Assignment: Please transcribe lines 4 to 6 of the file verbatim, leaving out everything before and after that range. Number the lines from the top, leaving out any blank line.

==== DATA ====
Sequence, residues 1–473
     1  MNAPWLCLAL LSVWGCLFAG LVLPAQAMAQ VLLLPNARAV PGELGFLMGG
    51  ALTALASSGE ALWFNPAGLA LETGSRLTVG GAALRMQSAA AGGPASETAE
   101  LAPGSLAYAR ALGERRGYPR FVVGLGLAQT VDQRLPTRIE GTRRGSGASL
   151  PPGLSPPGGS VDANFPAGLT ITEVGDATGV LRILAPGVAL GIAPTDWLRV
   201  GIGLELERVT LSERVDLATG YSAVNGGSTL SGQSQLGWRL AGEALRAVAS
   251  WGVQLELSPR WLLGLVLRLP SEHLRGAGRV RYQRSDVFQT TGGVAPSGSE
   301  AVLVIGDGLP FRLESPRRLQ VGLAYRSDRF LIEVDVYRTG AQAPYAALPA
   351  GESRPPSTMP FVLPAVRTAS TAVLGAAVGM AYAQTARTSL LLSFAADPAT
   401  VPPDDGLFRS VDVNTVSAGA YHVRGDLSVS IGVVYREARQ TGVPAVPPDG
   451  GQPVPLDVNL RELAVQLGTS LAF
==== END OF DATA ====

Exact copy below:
   101  LAPGSLAYAR ALGERRGYPR FVVGLGLAQT VDQRLPTRIE GTRRGSGASL
   151  PPGLSPPGGS VDANFPAGLT ITEVGDATGV LRILAPGVAL GIAPTDWLRV
   201  GIGLELERVT LSERVDLATG YSAVNGGSTL SGQSQLGWRL AGEALRAVAS